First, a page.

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What is central bank independence?

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Talk of changes to the Bank of England’s powers has revived a debate on whether central banks should be independent of governments and in what way.

Central bankers are tasked with preserving the value of a currency by keeping inflation in check. For this purpose, many of them are shielded from political pressure from governments.

Once a sacred cow in the Western World, this independence has been called into question more often in recent years as central banks stepped in to prop up governments when they were hit by the global financial crisis and then by the coronavirus pandemic.

Here are some questions and answers about a topic that is quickly spilling over from academia into the political domain and could have a profound impact on inflation in the next decades.


The front-runner to become Britain’s next prime minister, Liz Truss, has promised to review the Bank of England’s remit — potentially including its ability to set interest rates free from government interference.

This came after the UK’s central bank raised rates by the most since 1995 on Thursday while also forecasting a long recession and double-digit inflation — a double whammy to household finances.

The BoE’s governor Andrew Bailey is not alone. Central bankers across the world are under fire from politicians for failing to predict and prevent the current bout of high inflation.


A central bank is independent if it can make policy, such as setting interest rates or printing money, without interference from elected officials or the private sector.

The idea is that governments would lean on the central bank to engineer a boom when they need re-election and stop rate hikes that would be too painful for their voters.

This would cause the economy to overheat and inflation to run too high until an inevitable bust.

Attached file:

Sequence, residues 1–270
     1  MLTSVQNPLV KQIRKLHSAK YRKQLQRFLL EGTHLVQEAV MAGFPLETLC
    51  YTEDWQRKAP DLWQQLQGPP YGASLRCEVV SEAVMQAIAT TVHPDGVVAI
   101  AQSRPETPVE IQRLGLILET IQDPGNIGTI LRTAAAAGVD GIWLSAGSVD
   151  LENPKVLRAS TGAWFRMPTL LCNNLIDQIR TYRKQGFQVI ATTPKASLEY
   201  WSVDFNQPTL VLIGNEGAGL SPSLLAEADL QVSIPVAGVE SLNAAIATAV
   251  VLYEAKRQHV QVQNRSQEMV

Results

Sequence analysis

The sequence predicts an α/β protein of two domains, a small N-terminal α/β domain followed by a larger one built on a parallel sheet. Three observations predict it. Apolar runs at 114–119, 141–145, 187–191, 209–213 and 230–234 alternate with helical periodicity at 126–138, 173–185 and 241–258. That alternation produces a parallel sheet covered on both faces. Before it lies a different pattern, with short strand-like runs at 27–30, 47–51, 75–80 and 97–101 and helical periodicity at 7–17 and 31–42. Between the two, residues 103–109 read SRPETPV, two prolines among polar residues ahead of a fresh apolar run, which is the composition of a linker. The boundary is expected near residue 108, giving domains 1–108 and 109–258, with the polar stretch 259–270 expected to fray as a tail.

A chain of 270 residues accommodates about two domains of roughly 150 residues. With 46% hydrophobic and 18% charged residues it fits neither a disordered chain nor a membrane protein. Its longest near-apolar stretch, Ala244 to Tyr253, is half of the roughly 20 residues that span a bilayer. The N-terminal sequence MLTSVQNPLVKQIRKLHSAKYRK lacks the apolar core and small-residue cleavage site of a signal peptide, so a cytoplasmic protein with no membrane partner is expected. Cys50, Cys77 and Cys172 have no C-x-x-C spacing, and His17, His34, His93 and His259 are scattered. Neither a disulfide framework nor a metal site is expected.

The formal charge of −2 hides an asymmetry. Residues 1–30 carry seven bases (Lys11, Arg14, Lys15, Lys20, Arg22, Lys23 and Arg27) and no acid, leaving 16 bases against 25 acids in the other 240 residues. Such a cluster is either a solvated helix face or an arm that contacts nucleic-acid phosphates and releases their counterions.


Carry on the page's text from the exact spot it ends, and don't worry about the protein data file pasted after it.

Instead, central bankers should squarely focus on inflation, sometime married with another goal such as full employment, and let politicians deal with questions of redistribution and fairness.


Data shows that central banks that were more independent, such as those of Germany, Austria and Switzerland, achieved lower inflation between 1970 and 1999 than those with closer ties to their governments, for example in Norway, New Zealand and Spain.

But this relationship became weaker in the new millennium as new forces came into play, such as greater globalisation and the introduction of the euro.

The alternative, however, is hard to stomach.

In Argentina, where the central bank is firmly under the president’s control, inflation is nearing triple digit, the peso has lost half its value in less than 1-1/2 years and citizens face restrictions if they want to buy foreign currency or sell goods abroad.


Most central banks in the developed world and many in emerging economies are formally independent, albeit to varying degrees.

In practice, the line between central banks and governments can get blurry and is in some cases little more than a polite fiction.

Turkey’s central bank is formally independent but that hasn’t stopped the country’s president, Tayyip Erdogan, from sacking governor after governor if they didn’t grant his wishes.

Even in the United States and Europe, central bankers are routinely accused of bankrolling states with massive purchases of government debt, which have become common since the global financial crisis.

While these ‘quantitative easing’ programmes are always justified with the need to boost inflation when it’s too low, they place central bankers working shoulder to shoulder, rather than at arm’s length, with their governments.

This was nowhere more visible than in Japan, where the central bank owns half of the government’s debt.


No, central banks were until recently an arm of the government.

The idea of having a fully independent central bank was discussed by economist Milton Friedman in 1962, who dismissed it on the ground that it wouldn’t survive the first “real conflict” with government.

The Federal Reserve has enjoyed operational independence since 1951 but presidential interference lasted at least into the 1970s.

The then Fed chair Arthur Burns came under pressure to keep policy easy in order to help US President Richard Nixon win re-election.

The ensuing, decade-long bout of high inflation, triggered by an oil shock that Burns’ Fed sought to accommodate, boosted the idea of central bank independence.

This gained currency in the 1980s and took off in the 1990s, when many central banks, including the Bank of England, were reformed and more were created in what used to be the Eastern Bloc.

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